siembre azul tequilaFor the past six years, sales of premium tequila have been averaging growth of 20 percent per year. The good side of that is that the rot-gut stuff that is only half agave is becoming less popular and the finely crafted good stuff is showing up in more and more bars. But which brands are for real and which ones are just riding the bandwagon?

Fortunately, most of the good stuff is quite good, so most of the silliness in pricing comes from fancy hand-blown bottles, silver medallions, and carved wooden cases. If you’re paying more than $80 for a bottle that hasn’t been aged for years, you are likely paying for one of these marketing enhancements.

Siembra Azul (Blue Harvest) tequila is a nice departure. Trusting buyers to purchase based on taste instead of flash, this is a high-end, high-scoring tequila that puts its money into agave fruit instead of eye candy bottles.

I’ve been sipping the añejo version of Siembra Azul this past week and it ranks among the best I’ve sampled over the years, with the distinct floral and herbal overtones you get from the highland regions of Jalisco and the perfect interweaving of flavors you get from an attention to high quality throughout the process. In this region, the agave plants grow at an average elevation of 7200 feet above sea level, giving them a terroir and flavor profile that many believe is more distinctive and complex than the brands grown at lower elevations.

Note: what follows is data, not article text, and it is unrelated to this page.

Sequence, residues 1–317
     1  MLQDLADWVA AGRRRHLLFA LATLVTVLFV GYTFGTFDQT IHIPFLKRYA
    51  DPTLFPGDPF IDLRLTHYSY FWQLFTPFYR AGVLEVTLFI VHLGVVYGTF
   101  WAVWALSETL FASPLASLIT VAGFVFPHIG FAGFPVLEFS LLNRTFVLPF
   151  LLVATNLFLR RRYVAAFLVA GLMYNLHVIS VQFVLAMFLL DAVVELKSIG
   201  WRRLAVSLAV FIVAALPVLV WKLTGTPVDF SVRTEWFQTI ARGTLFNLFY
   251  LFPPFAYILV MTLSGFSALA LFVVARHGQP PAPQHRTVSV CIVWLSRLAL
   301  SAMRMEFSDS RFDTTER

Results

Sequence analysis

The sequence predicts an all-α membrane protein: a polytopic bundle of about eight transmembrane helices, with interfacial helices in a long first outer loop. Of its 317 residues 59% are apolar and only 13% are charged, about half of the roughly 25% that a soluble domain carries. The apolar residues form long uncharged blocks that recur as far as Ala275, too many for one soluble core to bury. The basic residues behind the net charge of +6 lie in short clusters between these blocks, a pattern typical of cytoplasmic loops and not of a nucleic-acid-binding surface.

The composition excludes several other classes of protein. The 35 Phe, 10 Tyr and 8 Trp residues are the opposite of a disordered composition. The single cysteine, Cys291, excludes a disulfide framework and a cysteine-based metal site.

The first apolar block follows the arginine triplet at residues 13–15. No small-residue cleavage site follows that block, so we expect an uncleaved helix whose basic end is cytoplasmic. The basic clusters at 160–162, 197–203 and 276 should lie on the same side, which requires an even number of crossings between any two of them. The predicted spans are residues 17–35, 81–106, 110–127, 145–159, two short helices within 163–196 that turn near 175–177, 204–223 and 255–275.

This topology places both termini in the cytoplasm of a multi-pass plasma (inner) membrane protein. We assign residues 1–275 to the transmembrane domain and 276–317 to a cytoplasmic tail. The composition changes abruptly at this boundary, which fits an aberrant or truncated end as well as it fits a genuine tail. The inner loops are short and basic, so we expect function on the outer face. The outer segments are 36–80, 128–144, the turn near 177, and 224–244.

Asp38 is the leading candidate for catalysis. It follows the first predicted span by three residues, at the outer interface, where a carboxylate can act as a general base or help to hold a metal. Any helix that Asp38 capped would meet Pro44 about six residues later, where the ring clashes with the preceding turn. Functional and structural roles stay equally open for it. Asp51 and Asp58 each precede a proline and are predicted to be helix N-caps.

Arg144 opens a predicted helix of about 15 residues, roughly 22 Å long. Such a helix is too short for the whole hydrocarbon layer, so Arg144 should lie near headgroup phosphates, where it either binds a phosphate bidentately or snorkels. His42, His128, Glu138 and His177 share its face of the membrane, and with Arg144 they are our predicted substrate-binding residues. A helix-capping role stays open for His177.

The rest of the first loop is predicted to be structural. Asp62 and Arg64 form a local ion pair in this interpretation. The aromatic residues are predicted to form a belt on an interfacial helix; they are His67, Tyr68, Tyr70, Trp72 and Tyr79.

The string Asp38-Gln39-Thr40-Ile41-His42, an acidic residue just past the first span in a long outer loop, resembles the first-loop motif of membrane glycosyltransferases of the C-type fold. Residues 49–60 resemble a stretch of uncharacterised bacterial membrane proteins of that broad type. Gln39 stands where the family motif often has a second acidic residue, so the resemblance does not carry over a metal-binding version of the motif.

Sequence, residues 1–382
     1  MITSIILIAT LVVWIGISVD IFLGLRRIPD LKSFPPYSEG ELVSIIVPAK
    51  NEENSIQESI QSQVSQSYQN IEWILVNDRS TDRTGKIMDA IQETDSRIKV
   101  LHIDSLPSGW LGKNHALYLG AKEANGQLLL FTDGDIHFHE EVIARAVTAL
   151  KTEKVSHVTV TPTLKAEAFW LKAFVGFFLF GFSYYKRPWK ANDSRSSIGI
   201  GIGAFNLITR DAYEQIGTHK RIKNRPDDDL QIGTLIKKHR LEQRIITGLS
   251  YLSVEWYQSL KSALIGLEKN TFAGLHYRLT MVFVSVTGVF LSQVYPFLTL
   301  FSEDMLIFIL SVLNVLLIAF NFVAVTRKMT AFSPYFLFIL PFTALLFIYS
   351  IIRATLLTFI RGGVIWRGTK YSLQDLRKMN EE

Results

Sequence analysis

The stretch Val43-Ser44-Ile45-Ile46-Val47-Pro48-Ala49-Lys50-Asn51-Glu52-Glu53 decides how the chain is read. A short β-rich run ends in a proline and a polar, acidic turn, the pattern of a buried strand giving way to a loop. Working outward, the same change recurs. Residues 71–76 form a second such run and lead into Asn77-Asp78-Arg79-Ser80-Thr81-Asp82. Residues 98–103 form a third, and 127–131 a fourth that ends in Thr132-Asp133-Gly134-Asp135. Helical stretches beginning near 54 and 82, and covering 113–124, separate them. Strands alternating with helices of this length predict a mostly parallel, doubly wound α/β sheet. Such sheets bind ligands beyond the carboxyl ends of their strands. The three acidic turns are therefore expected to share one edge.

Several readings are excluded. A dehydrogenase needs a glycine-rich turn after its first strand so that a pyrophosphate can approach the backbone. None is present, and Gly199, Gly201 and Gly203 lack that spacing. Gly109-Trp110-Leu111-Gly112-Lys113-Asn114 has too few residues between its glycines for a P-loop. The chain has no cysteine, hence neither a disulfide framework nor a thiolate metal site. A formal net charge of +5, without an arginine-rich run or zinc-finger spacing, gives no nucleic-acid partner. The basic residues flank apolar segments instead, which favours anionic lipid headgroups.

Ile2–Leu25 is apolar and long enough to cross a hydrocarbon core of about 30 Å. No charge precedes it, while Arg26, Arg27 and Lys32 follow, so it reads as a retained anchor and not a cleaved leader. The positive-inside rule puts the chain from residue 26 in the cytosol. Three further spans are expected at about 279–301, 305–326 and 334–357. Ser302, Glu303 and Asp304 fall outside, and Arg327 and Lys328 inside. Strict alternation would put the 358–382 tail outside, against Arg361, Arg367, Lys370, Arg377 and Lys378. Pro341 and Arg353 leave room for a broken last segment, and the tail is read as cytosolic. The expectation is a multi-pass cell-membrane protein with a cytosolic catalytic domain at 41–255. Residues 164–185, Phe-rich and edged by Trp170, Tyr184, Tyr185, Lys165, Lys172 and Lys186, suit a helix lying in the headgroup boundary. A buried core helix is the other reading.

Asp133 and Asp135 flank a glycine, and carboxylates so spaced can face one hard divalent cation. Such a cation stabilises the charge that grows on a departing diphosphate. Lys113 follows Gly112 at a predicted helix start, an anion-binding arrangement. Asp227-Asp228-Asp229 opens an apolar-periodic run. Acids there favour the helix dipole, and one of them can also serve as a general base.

This version was developed by David Suro-Piñera, a Guadalajara native who has owned a restaurant and tequila bar in Philadelphia since 1986. He wasn’t content to go halfway: each liter requires around 11.5 kilos of agave, compared to a standard level of 7 kilos. The agave piñas are roasted in ovens for 36 hours, with each oven cleaned between roastings. There’s double distillation, copper pot stills, and then the añejo is aged for 12 months in new American oak barrels.

The quality shines through and this tequila has been winning raves in blind taste tests, even before the judges find out that the list price is $45. But what about a hook? Anything to make Siembra Azul really stand out from the pack? Well, how about this—it’s kosher!

For more on the subject, see our feature story on premium tequila in Jalisco.